Articles sur Biofilm

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An artist depiction of a biofilm harboring antibiotic-resistant rod-shaped and spherical bacteria. Kateryna Kon/Shutterstock.com

How scientists are fighting infection-causing biofilms

Smooth surfaces often provide nooks and crannies for bacteria to hold onto and create a colony. New research with nanoparticles is revealing the secrets of surfaces that prevent bacterial attachment.
Do we contain the most elaborate set of instructions? Genome image via www.shutterstock.com.

How many genes does it take to make a person?

The answer – fewer than are in a banana – has implications for the study of human health and raises questions about what generates complexity anyway.
Illustration of pressure sensing bacteria in soils from the ‘Computational Colloids Project’. Carolina Ramirez-Figuroa, Luis Hernan and Martyn Dade-Robertson

The cities of the future could be built by microbes

Bacteria can produce their own 'buildings' so scientists are genetically engineering them to build ours.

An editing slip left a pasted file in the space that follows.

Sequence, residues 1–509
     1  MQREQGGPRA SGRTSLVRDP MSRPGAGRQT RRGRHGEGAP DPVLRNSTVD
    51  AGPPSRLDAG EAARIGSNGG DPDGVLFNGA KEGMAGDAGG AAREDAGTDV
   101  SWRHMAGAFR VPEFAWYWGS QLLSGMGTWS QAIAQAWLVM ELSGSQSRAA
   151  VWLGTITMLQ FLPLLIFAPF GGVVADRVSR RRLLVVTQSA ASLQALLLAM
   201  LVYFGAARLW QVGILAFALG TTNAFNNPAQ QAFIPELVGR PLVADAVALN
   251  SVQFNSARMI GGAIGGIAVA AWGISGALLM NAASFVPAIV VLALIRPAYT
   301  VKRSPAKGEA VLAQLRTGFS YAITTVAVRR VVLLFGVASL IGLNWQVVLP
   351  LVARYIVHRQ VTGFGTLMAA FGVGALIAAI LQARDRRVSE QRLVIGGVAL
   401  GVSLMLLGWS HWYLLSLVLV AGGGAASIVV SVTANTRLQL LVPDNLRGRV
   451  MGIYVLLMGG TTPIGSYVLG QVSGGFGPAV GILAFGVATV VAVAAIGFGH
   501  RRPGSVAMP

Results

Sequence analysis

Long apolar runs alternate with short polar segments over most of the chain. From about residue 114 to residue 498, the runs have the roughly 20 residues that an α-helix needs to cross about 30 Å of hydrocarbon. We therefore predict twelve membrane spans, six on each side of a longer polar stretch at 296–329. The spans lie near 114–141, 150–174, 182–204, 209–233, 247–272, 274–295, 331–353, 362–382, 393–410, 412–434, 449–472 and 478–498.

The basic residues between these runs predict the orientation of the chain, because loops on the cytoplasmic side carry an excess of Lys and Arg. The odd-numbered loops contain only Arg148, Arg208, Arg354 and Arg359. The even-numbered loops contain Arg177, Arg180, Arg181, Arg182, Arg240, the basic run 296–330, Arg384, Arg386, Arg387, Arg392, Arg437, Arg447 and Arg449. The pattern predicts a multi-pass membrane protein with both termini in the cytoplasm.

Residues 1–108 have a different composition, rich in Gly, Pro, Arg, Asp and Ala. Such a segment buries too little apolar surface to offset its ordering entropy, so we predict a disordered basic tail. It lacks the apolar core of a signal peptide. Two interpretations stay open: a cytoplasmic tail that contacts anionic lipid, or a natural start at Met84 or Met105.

It’s bacterial biofilms that give the Grand Prismatic Spring its colorful hues. Karin Sauer

Unlocking the secrets of bacterial biofilms – to use against them

The vast majority of the bacteria that surround us are not free-floating but prefer to band together in cooperative communities called biofilms. How do biofilms form and cooperate?
Willem Dafoe brings a magnanimity to the role of the late poet Pier Paolo Pasolini. © Capricci Films

Pasolini, with Willem Dafoe, offers an unconventional biopic – review

Rather than attempting to retell the life story of its subject, Pier Paolo Pasolini, this film simply presents a day in his life – his last day, leading up to his murder at Ostia.

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